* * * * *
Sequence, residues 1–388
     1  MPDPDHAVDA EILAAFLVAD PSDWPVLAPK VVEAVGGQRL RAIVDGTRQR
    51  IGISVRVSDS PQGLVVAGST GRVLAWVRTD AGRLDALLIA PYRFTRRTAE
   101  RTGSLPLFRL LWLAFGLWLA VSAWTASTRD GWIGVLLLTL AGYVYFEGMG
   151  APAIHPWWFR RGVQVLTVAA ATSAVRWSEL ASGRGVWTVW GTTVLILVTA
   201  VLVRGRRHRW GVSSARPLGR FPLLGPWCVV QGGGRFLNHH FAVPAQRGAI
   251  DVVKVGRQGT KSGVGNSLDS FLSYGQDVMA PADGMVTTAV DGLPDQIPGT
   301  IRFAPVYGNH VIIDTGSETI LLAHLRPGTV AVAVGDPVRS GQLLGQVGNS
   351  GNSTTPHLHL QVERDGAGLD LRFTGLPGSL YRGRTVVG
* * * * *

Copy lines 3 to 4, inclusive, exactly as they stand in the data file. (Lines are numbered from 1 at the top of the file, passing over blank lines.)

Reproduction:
    51  IGISVRVSDS PQGLVVAGST GRVLAWVRTD AGRLDALLIA PYRFTRRTAE
   101  RTGSLPLFRL LWLAFGLWLA VSAWTASTRD GWIGVLLLTL AGYVYFEGMG